Super User is a question and answer site for computer enthusiasts and power users. It's 100% free, no registration required.

Sign up
Here's how it works:
  1. Anybody can ask a question
  2. Anybody can answer
  3. The best answers are voted up and rise to the top

Why does the useragent include this information? I can't see why a website would need to know.

For example:

Mozilla/5.0 (X11; Linux x86_64) AppleWebKit/534.24 (KHTML, like Gecko) Ubuntu/11.04 Chromium/11.0.696.28 Chrome/11.0.696.28 Safari/534.24

Both Firefox and Chromium on Ubuntu do this.

share|improve this question
I think only linux does this because this is my windows useragent: Mozilla/5.0 (Windows; U; Windows NT 6.1; en-US) AppleWebKit/534.16 (KHTML, like Gecko) Chrome/10.0.648.204 Safari/534.16 – Ja5087 Apr 2 '11 at 7:23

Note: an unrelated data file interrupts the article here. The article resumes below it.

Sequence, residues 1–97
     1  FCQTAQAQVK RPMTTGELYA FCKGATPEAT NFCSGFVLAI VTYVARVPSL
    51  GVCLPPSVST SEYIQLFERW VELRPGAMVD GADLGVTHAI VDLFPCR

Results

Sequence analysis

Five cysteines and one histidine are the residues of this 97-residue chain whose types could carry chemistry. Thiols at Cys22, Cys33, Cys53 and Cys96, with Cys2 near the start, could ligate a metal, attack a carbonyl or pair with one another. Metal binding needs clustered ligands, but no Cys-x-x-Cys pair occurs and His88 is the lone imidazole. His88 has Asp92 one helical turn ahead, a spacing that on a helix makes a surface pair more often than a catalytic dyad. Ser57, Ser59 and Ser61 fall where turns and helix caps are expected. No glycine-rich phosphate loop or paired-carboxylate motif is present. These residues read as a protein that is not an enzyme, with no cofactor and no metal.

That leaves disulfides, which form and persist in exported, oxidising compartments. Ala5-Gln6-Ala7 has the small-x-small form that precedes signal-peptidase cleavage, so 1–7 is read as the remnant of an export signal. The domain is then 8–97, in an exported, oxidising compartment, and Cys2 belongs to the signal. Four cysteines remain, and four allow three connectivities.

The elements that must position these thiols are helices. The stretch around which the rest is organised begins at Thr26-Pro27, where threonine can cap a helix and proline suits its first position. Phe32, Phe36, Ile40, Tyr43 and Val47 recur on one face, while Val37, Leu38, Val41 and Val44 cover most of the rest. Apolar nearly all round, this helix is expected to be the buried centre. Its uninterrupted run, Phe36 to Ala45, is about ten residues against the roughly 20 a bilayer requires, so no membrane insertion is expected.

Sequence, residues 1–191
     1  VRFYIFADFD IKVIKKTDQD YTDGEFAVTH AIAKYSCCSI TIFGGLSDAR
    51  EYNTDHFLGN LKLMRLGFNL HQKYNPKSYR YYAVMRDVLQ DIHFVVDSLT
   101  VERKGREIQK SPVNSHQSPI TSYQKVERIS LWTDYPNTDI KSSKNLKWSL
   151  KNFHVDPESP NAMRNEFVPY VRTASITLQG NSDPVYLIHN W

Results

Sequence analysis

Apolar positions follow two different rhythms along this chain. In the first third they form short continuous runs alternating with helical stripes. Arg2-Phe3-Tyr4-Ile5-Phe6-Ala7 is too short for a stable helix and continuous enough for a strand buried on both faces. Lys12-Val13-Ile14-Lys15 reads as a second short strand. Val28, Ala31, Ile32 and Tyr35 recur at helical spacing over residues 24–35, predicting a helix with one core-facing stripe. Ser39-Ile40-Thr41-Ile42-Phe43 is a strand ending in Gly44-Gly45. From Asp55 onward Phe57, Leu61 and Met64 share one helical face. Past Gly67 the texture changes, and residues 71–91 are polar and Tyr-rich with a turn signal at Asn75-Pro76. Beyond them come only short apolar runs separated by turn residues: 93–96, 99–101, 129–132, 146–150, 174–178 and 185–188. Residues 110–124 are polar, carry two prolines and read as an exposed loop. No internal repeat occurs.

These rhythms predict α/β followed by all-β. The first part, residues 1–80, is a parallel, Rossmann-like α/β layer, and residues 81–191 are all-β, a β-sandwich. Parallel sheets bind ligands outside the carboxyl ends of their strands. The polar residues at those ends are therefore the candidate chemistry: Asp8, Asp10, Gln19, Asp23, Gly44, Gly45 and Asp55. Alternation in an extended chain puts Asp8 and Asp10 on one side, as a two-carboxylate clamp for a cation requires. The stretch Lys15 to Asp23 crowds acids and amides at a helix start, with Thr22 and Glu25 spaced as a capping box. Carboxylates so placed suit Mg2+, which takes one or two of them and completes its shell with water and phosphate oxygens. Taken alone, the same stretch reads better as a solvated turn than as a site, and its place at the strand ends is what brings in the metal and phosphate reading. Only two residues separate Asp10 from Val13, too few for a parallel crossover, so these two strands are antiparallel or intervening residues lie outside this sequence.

So the web server knows to serve 64-bit images. Duh. – Apr 2 '11 at 7:40
up vote 5 down vote accepted

This information, when available, is often used by websites to decide which software to recommend you download. If it detects that you have a 64-bit system then it can recommend that you download the 64-bit version of their software.

It is purely down to the useragent (and to some extent the operating system) as to whether it provides this information to the website.

share|improve this answer

Your Answer


By posting your answer, you agree to the privacy policy and terms of service.

Not the answer you're looking for? Browse other questions tagged or ask your own question.